Dreaming of a white Christmas such as the one in this image? You may have to keep on dreaming. Statistics on snow cover from 14 major U.S. cities between 1960 and 2000 show the overall trend on the decline.
In the 1990s, these cities saw 47 white Christmases — which translates to an inch or more of snow on the ground. During the 1960s, by comparison, the 14 major cities saw 72 snowy Christmases, according to Dale Kaiser, a meteorologist at the Oak Ridge National Laboratory who compiled the data. And between 2000 and 2008, only three of the cities on the list — Detroit, Chicago and Boston — showed an uptick in their downward trends.
While statistics from one day of the year are an imperfect gauge of a seasonal climate, Kaiser notes the decline in white Christmases hints at a trend of less snowy winters seen in many parts of the country. Click the "Next" button for nine more gifts of science for Christmas.
— By John Roach, msnbc.com contributor
Virgin birth not unique to Mary
Christmas, traditionally, is a giant birthday bash for Jesus Christ, who was said to be born to the Virgin Mary. The event is considered miraculous: Human biology requires sex for reproduction. But via a process known as parthenogenesis, eggs become embryos without male fertilization. It has been found to occur in about 70 species. Recent additions to the list include komodo dragons, the world's largest lizard; and an Atlantic blacktip shark, shown here.
The science behind the 'Star of Bethlehem'
Some biblical wise men figured that a rare celestial spectacle a little more than 2,000 years ago heralded the arrival of a king, and followed it to where he and his mother lay. But what was this "Star of Bethlehem"?
Astronomers have puzzled over the mystery for years. One idea holds the "star" was actually a rare alignment of planets, several of which occurred between 3 B.C. and 2 B.C. — dates that some scholars think could correspond with the historical birth of Jesus. One such sequence involves the planet Jupiter, seen here, flitting back and forth across the star Regulus in Leo and then approaching Venus so that the two appeared as one.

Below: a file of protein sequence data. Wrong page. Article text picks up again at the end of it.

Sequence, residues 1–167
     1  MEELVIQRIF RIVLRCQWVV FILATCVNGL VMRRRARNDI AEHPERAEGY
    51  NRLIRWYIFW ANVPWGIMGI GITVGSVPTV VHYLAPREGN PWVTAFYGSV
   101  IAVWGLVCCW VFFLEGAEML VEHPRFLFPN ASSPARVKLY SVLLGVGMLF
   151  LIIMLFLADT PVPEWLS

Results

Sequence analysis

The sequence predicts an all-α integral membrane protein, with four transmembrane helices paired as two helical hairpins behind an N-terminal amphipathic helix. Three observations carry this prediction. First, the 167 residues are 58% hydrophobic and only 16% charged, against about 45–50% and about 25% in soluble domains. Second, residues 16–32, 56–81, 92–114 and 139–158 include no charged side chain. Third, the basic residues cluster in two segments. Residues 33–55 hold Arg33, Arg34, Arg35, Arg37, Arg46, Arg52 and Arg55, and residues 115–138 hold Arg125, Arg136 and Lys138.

Frankincense, tapped out
Balthasar, the wise man on the right in this nativity scene, brought the baby Jesus a gift of frankincense, according to the New Testament.
While the fragrant resin may have been abundant in biblical times, today the trees that produce it on the Arabian Peninsula and in the Horn of Africa are about tapped out, according to scientists. Tapped trees, the researchers found, produce fewer and less productive seeds than those left alone for at least four years. And since standing trees are also being cleared for farmland and munched by goats, those that remain standing are under duress. The researchers call for less intensive tapping to keep production sustainable.
Mistletoe: A kiss of death?
Suspended sprigs of mistletoe have kindled and rekindled many a holiday romance over the years, but the parasitic plant can be the kiss of death for trees.
Most mistletoe species make their own nutrients via photosynthesis, but grow on trees where they suck out water and minerals essential to their hosts' long-term survival. And once infected, a tree is stuck with mistletoe until death. The plant itself is spread by birds, which eat the seeds and poop them out on other tree limbs.
A shot of holiday brandy is healthy?